Section 408, 81 Stat. 600, states in full: "Requirements within the scope of this Act with respect to premises, facilities and operations of any establishment at which inspection is provided under title I of this Act, which are in addition to, or different than those made under this Act may not be imposed by any State or Territory or the District of Columbia, except that any such jurisdiction may impose recordkeeping and other requirements within the scope of section 202 of this Act if consistent therewith, with respect to any such establishment. Marking, labeling, packaging, or ingredient requirements in addition to, or different than, those made under this Act may not be imposed by any State or Territory or the District of Columbia with respect to articles prepared at any establishment under inspection in accordance with the requirements under title I of this Act, but any State or Territory or the District of Columbia may, consistent with the requirements under this Act, exercise concurrent jurisdiction with the Secretary over articles required to be inspected under said title, for the purpose of preventing the distribution for human food purposes of any such articles which are adulterated or misbranded and are outside of such an establishment, or, in the case of imported articles which are not at such an establishment, after their entry into the United States. This Act shall not preclude any State or Territory or the District of Columbia from making requirement or taking other action, consistent with this Act, with respect to any other matters regulated under this Act."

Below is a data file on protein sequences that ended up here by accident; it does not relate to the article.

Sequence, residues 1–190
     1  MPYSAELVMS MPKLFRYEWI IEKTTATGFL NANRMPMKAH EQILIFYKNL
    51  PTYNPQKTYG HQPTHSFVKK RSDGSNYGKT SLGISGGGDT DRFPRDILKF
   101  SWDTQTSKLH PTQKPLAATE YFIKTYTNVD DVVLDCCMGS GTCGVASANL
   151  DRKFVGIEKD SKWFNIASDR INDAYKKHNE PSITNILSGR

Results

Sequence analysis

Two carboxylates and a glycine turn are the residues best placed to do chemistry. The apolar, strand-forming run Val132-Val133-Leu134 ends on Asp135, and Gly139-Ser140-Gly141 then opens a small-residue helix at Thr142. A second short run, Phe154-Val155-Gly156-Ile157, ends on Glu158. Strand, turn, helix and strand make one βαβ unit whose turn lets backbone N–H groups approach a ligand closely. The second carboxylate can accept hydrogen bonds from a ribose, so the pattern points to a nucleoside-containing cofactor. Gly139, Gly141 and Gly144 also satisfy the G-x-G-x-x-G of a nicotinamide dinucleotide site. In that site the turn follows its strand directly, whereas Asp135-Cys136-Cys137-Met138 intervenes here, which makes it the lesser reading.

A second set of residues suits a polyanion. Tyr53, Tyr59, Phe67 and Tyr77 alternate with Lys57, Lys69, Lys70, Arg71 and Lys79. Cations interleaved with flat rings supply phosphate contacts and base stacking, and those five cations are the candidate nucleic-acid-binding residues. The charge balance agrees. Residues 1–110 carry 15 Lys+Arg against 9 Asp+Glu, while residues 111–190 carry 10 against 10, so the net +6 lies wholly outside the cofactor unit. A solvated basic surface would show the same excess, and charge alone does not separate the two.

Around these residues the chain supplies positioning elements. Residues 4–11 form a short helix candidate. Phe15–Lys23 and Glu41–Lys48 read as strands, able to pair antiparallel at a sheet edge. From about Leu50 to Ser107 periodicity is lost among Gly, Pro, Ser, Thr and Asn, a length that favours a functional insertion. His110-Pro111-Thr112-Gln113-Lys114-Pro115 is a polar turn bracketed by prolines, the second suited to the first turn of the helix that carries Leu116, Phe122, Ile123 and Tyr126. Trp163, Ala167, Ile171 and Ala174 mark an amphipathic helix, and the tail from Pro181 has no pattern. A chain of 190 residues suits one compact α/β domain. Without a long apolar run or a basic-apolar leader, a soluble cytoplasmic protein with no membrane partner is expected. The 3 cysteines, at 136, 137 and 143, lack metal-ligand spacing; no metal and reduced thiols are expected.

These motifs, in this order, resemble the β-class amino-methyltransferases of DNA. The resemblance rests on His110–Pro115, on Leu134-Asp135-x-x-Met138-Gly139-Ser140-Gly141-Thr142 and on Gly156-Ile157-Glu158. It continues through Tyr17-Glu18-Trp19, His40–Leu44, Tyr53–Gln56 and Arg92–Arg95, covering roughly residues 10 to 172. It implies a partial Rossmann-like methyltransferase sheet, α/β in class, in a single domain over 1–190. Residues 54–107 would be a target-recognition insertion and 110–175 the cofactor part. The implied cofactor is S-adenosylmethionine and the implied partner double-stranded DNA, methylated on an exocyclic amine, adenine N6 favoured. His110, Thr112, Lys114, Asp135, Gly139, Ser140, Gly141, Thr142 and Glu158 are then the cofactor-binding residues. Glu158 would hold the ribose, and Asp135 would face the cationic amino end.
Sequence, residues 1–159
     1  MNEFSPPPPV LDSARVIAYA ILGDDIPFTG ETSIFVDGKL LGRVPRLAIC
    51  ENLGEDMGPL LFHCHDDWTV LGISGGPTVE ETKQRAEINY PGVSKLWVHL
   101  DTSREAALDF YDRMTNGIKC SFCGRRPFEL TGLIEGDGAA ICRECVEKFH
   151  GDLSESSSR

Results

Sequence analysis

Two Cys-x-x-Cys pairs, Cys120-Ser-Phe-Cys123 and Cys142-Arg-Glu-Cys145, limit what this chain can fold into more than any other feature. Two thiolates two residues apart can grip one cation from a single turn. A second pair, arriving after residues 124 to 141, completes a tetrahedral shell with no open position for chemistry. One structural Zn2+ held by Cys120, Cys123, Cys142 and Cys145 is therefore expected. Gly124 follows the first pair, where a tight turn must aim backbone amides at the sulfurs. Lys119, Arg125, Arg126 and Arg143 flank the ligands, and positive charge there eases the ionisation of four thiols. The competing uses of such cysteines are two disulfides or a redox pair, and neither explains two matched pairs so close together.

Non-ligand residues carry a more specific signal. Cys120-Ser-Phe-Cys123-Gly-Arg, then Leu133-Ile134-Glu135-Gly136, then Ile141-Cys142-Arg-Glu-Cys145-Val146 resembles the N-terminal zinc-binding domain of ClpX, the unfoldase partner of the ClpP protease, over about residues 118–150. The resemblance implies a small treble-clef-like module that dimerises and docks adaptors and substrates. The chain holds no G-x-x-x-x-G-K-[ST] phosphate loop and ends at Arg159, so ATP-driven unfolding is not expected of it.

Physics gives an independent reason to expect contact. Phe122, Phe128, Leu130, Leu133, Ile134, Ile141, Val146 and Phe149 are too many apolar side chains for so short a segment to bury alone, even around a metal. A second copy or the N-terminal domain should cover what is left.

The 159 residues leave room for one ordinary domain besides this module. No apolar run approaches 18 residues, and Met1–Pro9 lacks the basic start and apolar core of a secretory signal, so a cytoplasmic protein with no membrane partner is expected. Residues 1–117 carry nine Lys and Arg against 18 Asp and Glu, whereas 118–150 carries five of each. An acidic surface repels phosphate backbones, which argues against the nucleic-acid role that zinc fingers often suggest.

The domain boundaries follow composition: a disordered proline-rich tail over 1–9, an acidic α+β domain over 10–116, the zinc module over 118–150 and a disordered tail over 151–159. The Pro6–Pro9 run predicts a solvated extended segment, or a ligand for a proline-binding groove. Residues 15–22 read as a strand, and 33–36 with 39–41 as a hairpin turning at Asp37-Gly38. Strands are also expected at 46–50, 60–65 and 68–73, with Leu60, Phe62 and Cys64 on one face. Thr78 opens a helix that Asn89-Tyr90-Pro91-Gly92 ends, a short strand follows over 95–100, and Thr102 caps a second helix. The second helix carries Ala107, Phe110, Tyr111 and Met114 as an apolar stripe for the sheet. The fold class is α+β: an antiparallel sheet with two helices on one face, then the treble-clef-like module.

The implicit recognition of manufacturing variations results from California's use of the statistically estimated average weight of the lot to determine whether the label accurately indicates the contents. By averaging the weight of the packages in the sample, California allows individual deviations around the packer's target weight to cancel each other out. The average weight of the sample should equal the target weight, see n. 16, supra, with allowance for sampling variation and moisture loss. Article 5 utilizes tables which recognize sampling variation, but it makes no allowance for moisture loss. The Department of Agriculture itself uses statistical sampling techniques, including reliance on average lot weight to account for manufacturing deviations. See Meat and Poultry Inspection Manual, supra, n. 13, at § 18.61(b)(2); Brief for United States as Amicus Curiae 7 n. 4. Indeed, it is difficult to imagine any other practical technique for policing net-weight labeling requirements in a country where over 200 billion packages are produced every year. See Brickenhamp, Hasko, Natrella, supra, n. 10, at 78. We have found no indication that Congress intended simultaneously to grant concurrent jurisdiction to the States to enforce net-weight labeling requirements, see n. 17, supra, and to deny them the only practical tool with which to do so. Accordingly, we disagree with anything in the opinions below that suggests that States may not use valid statistical sampling techniques, including reliance on lot average weights, to police compliance with federal and valid state net-weight labeling laws.